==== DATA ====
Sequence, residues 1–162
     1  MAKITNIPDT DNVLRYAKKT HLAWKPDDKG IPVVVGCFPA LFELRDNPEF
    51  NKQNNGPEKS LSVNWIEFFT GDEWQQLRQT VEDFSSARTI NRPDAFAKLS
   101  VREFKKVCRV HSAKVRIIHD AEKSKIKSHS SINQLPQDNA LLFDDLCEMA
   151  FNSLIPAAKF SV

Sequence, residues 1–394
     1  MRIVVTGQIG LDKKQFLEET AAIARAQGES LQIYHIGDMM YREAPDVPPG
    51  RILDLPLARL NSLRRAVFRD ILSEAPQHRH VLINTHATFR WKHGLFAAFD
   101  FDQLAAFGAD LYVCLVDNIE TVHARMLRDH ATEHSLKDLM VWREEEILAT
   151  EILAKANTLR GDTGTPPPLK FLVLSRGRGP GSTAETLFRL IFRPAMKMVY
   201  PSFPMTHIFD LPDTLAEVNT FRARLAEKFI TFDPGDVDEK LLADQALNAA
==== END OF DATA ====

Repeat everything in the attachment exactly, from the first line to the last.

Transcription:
Sequence, residues 1–162
     1  MAKITNIPDT DNVLRYAKKT HLAWKPDDKG IPVVVGCFPA LFELRDNPEF
    51  NKQNNGPEKS LSVNWIEFFT GDEWQQLRQT VEDFSSARTI NRPDAFAKLS
   101  VREFKKVCRV HSAKVRIIHD AEKSKIKSHS SINQLPQDNA LLFDDLCEMA
   151  FNSLIPAAKF SV

Sequence, residues 1–394
     1  MRIVVTGQIG LDKKQFLEET AAIARAQGES LQIYHIGDMM YREAPDVPPG
    51  RILDLPLARL NSLRRAVFRD ILSEAPQHRH VLINTHATFR WKHGLFAAFD
   101  FDQLAAFGAD LYVCLVDNIE TVHARMLRDH ATEHSLKDLM VWREEEILAT
   151  EILAKANTLR GDTGTPPPLK FLVLSRGRGP GSTAETLFRL IFRPAMKMVY
   201  PSFPMTHIFD LPDTLAEVNT FRARLAEKFI TFDPGDVDEK LLADQALNAA